This boy is awesome.
How could I have missed posting about the most amazing day he had just before school ended? Bad, bad mama!!!
Adam made it to the region track finals this year. He trained and worked very, very hard, and I loved watching it all evolve. Adam is an unusual child in that sometimes he is very social and outgoing, and other times very private and solitary. He is punctual and dedicated to the things he loves, but happy to blow off the things he does not.
And the boy loves track!
His events at this meet were the 110 and 300 meter hurdles, and the long jump. Now, the hurdles he had been doing very well in, but the long jump, surprisingly, not so much. His coaches had him doing things totally differently from last year, and I think it messed him up. That boy who could fly last year never even got close to his personal best this year. It was discouraging for him. And me. I love watching that boy jump.
At the big meet, a rare but powerful storm rolled in. The cement stair-step bleachers became a waterfall once the clouds erupted, and even our rain ponchos didn't save us. By the end of the meet we were the only family left in the stands on our side of the track. The runners waiting for their events had sought refuge in a metal freight container used to store hurdles, and they reminded me very much of the scene in I, Robot where the robots are all hanging out in the doorways of the freight boxes. Only wet, and with blue lips.
In his first race, Adam was doing pretty well initially, but in the last few moments a boy pulled past him and he lost the 3rd place spot. He was more than miffed, and no motherly consoling that 4th was still awesome took the gloom out of his face. His goal had been top three, and he didn't get it.
Deciding that he could not afford to split his energies between the remaining two events, he decided not to jump. "I don't want to get all cold and soaked and not do well in the race," he told us.
He knows himself best.
I tried to hide my disappointment. Part of what I love about the long jump is the fact that they land in a pit of fluffy sand, which is nearly the same as feathers compared to the damage that could be inflicted by stumbling over a hurdle (made, as we all know, of shark teeth and broken glass shards).
He stayed as warm as possible, and we waited for his event as thunder began to roll in the distance. The MC announced the meet would continue as long as there was no lightning, and they began slamming through the events as fast as possible in hopes of getting as many done as possible before having to call it. The rain, so needed and wanted by us all in this insane drought, was miserable. Thank heavens we left The Middles and The Littles with a sitter! I think I'd rather deal with an angry honey badger than a wet and cranky Jonah.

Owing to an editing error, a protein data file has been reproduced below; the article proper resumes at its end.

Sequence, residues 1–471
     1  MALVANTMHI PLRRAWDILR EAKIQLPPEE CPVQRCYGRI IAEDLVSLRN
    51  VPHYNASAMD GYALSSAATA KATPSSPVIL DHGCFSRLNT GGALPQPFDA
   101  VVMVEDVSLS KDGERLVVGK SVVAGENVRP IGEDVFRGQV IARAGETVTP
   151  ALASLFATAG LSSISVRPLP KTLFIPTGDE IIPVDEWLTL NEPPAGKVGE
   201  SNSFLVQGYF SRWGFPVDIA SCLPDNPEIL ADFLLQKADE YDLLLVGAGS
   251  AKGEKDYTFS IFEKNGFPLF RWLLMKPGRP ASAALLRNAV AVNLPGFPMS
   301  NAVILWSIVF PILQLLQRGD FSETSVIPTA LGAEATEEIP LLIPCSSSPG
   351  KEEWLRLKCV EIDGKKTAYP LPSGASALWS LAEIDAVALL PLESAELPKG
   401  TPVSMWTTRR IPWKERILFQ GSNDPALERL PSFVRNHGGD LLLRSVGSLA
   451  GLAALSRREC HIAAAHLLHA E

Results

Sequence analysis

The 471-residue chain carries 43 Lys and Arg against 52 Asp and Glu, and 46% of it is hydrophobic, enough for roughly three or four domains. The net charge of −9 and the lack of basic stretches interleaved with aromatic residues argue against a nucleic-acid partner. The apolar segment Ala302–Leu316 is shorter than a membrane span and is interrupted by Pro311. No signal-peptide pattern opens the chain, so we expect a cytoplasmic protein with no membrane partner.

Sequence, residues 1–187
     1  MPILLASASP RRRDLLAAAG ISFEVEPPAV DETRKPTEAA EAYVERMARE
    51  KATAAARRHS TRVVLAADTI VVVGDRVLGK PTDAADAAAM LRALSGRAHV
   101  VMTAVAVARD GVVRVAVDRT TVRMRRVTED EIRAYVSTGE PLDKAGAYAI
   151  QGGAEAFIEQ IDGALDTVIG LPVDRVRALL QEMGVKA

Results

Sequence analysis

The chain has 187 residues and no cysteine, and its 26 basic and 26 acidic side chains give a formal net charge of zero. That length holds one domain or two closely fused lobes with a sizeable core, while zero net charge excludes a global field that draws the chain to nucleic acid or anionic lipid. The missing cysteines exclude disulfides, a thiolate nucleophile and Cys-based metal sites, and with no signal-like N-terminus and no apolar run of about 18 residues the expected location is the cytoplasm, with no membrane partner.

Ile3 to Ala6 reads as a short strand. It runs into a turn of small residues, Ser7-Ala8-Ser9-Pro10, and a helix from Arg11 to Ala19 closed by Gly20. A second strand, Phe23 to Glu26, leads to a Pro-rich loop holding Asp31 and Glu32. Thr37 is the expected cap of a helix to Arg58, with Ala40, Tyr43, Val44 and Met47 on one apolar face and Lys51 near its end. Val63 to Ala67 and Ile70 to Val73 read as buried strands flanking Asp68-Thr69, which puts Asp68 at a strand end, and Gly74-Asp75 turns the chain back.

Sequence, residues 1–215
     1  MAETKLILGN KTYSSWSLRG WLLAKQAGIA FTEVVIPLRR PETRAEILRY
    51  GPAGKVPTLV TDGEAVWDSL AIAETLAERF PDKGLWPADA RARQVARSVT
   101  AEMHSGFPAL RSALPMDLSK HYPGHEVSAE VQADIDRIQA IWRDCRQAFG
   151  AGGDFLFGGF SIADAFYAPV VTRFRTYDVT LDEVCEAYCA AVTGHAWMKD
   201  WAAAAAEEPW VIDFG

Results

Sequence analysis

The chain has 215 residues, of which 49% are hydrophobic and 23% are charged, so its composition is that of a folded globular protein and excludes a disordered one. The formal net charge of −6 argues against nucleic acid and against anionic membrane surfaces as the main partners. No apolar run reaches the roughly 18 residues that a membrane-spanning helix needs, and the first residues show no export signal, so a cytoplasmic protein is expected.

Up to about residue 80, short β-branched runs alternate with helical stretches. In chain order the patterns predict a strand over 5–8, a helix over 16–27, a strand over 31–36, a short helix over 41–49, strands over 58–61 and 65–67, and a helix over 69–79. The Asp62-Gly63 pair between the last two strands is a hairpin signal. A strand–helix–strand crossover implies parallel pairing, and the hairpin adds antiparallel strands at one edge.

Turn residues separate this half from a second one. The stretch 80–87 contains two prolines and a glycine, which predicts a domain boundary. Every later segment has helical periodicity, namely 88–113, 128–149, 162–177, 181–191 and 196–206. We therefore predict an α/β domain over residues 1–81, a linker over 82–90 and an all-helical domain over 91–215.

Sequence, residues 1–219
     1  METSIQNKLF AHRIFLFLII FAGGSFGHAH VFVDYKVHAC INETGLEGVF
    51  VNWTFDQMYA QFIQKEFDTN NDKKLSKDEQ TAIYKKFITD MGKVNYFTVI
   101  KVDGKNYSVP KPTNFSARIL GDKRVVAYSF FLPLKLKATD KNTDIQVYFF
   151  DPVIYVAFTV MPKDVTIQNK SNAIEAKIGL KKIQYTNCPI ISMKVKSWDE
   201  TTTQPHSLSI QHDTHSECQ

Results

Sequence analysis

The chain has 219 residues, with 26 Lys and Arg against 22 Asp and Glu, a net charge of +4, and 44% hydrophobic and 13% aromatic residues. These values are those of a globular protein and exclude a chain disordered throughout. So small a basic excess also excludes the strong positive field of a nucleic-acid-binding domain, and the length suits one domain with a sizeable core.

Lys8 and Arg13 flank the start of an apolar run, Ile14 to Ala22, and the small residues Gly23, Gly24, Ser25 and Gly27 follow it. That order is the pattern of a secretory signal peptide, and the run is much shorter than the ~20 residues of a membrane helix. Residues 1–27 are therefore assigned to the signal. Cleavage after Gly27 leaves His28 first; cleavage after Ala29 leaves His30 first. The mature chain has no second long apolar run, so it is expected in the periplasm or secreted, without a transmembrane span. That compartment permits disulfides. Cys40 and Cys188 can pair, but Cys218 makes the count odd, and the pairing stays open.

Finally, Adam's race came up. We had parked ourselves near the jumping pits early on, and his race came up so suddenly we had no time to move to the finish line, but we got to watch him prepare for take-off, as the race started right in front of us. To warm up, Adam does this crazy jump straight up into the air that makes him look like a rocket blasting off, like he might not come back down.
The starting gun went off so close to us that it made my ears ring, and he immediately pulled ahead with the fastest boys in the pack, vying for lead with a few others. Then, at about the halfway point, Adam suddenly sprung forward. At first I wasn't sure it was him. From that distance wet teenagers all kinda look alike. But then I saw the square shoulders and rigid, pumping fists that are easy for his mama to recognize. In just the last few moments a boy came up on Adam's left and nearly overtook him! He told us later that he heard the loud steps of the boy slapping the rain-soaked track approaching, and thought, "Aw, heck no!" He was determined he would not lose his lead this time. From somewhere deep down he mustered just a bit more umph to secure his lead, in the last few steps of the race, and with a lead of just about 2 paces, he won first place!
The dark cloud that had descended after his first race had lifted, and he came running across the field to celebrate his victory with us. His smile was reflecting all of ours. I felt so proud, of course, but also just plain happy to see him get that thing, that important goal he had set for himself.
He stayed behind to cheer for his team mates and bask a little in the celebration of his win. A win for him was a win for the whole team. Guy and I and the big boys sloshed hurriedly for the van, laughing and smiling all the way, and I enjoyed the chatter as everyone recounted the details of the race to one another. As we got closer to home, the clouds thinned, and we arrived home to find that it hadn't even rained on our house, a mere 1/2 hour away.
Guy stopped and bought a cake and a pizza on the way home. We scraped off the "Happy Birthday" from the cake, and I inscribed his name and victory in frosting on it.
When Adam got home, it was easy to bask in the sunlight of his smile and the warmth of his excitement. It was like it had never rained at all.